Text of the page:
OK, one thing I forgot. This is a little off topic but something I read and hear about all the time. I think another major issue is overscheduling children in activities. Too much organized sports, dance, gymnastics, cheerleading, art, music, or whatever seems to kill the desire to learn and participate in some children. I saw a child breakdown last year in a ballet class. Her mom said she was just tired because she had gymnastics the day before, dance on Tues, church on Wed, music on Thurs and something else on Friday!!! She was 4 years old! I was pooped just hearing about it. It is the same concept as trying to force a child to sit and learn math or learn to read -

Annie Addington said...

Great points in both of your comments, Grace. (Following your child's lead as a learner is key.) Here's an e-mail from another reader who tried to post a comment but had computer difficulties:

I just read your post from today about teaching kids too early. I have to admit that I was astonished when Joshua’s teacher at the daycare informed me that at age 3, Joshua would be learning to write his letters, and now after January will be learning how to write his first name. I couldn’t believe that they would teach them how to write at this early of an age. We’ve always encouraged learning to Joshua, and from day one incorporated learning numbers, shapes, and colors in play time. But I just couldn’t see my 3 year old sitting at a table and trying to write letters. I do have to admit, though that he is doing better at it than I thought he would – if he is able to trace the letter. He doesn’t do as well if he tries to write the letter by himself, so if they send practice work home with him, I don’t make him do it. I will work with him to trace the letters, but I don’t force him to sit there and write the letter himself if he is having difficulty doing it.

Karl Fisch said...

I think too often we are pushing our kids too fast. The pressure on schools to get them ready for "the tests," combined with well-educated, high achieving, well-meaning parents with plenty of income to spend on their kids and constant messages about their children needing to be "competitive" has created a culture where it's never too early to pressure your child. (And, unfortunately, Shift Happens has been used in that context more than once.)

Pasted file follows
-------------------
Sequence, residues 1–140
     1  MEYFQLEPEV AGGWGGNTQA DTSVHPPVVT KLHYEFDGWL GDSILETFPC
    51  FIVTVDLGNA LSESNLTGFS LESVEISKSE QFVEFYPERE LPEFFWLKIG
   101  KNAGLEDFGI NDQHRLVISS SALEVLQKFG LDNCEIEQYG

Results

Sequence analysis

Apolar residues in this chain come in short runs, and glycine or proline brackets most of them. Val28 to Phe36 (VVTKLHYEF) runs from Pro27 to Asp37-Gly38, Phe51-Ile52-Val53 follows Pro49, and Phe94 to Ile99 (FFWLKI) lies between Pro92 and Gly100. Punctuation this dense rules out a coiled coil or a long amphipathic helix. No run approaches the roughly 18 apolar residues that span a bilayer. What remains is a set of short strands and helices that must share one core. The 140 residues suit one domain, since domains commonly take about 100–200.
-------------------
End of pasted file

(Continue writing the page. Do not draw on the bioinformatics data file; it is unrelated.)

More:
There was a book quite a few years ago titled The Hurried Child (or something like that) - and I think things have gotten much worse since then. I think there's a difference between having your child exposed to and participating in lots of different learning activities that are developmentally appropriate for them and pushing them to "achieve and succeed." It is hard, because the kids pick it up from those around them and think they have to do all those things as well. We have a seven year old and are constantly trying to balance school and the activities that she wants to do.

I think that until we redefine school as a learning space that is designed to meet the needs of the students, as opposed to getting them ready to be successful and meet the needs of society, we're going to be in for a rough time.

Annie Addington said...

Thanks for writing in Karl. I hope it didn’t seem that I paired these two pieces – the video and the article -- as somehow opposing one another. In their very different ways (and as they address students of different ages), I thought they provided interesting food for thought about how some of our outdated but still standard practices of teaching kids primarily from textbooks, asking them to regurgitate facts and emphasizing skills and drills over creativity do a disservice to students of all ages – whether they’re in pre-school or high school. Glad you’ve prompted some discussion among educators on this one.

Karl Fisch said...

Annie - No, I wasn't thinking you had paired them that way. Yeah, it has started just a few more conversations than I had anticipated!